There were books I have read, and whose images, atmospheres and characters remain strong in my mind. Yann Martel’s Life of Pi, magical for its storytelling power, and vividly rendered on the screen by Ang Lee. There was Jesmyn Ward‘s Salvage the Bones, which left me with searing images of a bone white dog, ragged but tough children, earth and blood and roiling water. I give it as a gift to an elderly Jewish grandmother and to a teacher/mentor of mine before reading it myself, then wondered, after I had read it, what they’d think of it, of me. There was Abraham Verghese‘s Cutting for Stone, memorable for its cast of characters, its unusual setting (beginning in Ethiopia of the 1950s) which I recommend widely. There was writer and polemicist (isn’t that such a wonderful word?) Arundhati Roy‘s The God of Small Things, and images of a small boy’s confusion in the sticky darkness of a cinema (the “talkies”) in south India, and an alluring dark body dancing by the river.

There were the many, many books I wanted to purchase that I didn’t. Not this time around. I was drawn to the cover of Polpo, a beautiful octopus splayed out on a cookbook from a Venetian restaurant by the same name. I thought of how much my children both love octopuses–one of them sleeps with a stuffed octopus, one of them is always keen to eat marinated octopus. There was Flight Behavior by Barbara Kingsolver, whom I admire greatly not only for her writing but for her success as a versatile writer, adept at many genres, and able to avoid being pigeon-holed. There was The Tiger’s Wife by Téa Obreht whose name and background, and achievement at a young age, are intriguing (enviable?).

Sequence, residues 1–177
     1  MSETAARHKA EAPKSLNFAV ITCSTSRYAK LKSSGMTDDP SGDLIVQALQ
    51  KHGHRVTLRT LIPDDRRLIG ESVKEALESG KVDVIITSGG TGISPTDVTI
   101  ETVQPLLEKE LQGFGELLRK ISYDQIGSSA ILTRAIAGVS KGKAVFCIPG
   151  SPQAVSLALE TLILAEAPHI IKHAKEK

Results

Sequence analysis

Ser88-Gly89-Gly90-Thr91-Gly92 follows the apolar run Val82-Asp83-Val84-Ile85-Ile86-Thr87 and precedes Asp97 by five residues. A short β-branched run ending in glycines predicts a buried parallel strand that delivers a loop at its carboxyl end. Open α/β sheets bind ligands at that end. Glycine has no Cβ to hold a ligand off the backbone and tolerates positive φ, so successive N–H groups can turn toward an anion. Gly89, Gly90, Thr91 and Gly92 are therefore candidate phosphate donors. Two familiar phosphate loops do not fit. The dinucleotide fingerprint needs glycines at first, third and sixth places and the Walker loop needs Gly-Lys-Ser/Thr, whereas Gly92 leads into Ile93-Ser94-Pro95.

But my time was up. Ten minutes. I worked my way through the pleasing crowd to the cash register, paid my $49, and left.

I stepped out into the world, a dramatic sky overhead, part thundercloud and part dazzling blue, and it seemed everyone around me harbored an obsession. A wrought woman, all skin and bone, walked in the opposite direction, one hand clutching her phone to her ear, one arm wrapped around herself, as though to hold herself together. A group of seemingly homeless folk were gathered around a bench, one of them perhaps three hundred and fifty pounds, wedged into a electric wheelchair, the arm rests digging into the folds of flesh at his sides. The others were weathered, coarse, cigarettes dangling from their dry lips. A short man covered in tattoos held a beribboned little girl in his arms, her shoes, skirt, t-shirt, sunglasses and hair ribbons all varying shades of pink. In the coffee shop, an elderly woman so thin as to look two dimensional was hunched over a tall cup of coffee and drinking the entire thing with a tea spoon, occasionally looking up and around with wild and distrusting eyes. Stories everywhere.